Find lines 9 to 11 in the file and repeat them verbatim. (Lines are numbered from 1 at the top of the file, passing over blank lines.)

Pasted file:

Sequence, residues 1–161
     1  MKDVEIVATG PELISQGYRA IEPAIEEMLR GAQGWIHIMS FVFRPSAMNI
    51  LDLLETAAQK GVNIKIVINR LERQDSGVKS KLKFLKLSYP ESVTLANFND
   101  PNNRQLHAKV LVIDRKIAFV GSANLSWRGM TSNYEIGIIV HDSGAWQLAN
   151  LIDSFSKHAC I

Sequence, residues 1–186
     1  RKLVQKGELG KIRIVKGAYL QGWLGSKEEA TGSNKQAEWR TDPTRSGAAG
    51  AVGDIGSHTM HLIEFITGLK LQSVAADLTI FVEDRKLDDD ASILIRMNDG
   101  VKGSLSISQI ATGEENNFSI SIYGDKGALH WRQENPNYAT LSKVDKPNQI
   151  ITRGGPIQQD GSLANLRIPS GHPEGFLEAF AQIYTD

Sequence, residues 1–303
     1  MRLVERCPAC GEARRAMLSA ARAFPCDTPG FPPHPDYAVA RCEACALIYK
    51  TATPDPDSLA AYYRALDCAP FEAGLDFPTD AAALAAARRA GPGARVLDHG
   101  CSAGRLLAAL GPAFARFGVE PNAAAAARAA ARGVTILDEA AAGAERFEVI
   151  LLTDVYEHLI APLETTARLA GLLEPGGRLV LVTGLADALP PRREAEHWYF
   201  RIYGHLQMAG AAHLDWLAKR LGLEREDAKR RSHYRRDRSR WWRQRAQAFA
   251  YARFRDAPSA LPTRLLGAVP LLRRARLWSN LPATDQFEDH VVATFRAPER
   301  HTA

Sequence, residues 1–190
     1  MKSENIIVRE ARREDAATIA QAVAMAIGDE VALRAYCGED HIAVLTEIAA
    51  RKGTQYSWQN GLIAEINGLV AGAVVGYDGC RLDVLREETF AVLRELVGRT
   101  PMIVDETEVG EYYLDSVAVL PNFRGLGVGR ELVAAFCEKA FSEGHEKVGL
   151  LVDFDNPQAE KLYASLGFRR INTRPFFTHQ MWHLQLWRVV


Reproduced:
   101  VKGSLSISQI ATGEENNFSI SIYGDKGALH WRQENPNYAT LSKVDKPNQI
   151  ITRGGPIQQD GSLANLRIPS GHPEGFLEAF AQIYTD

Sequence, residues 1–303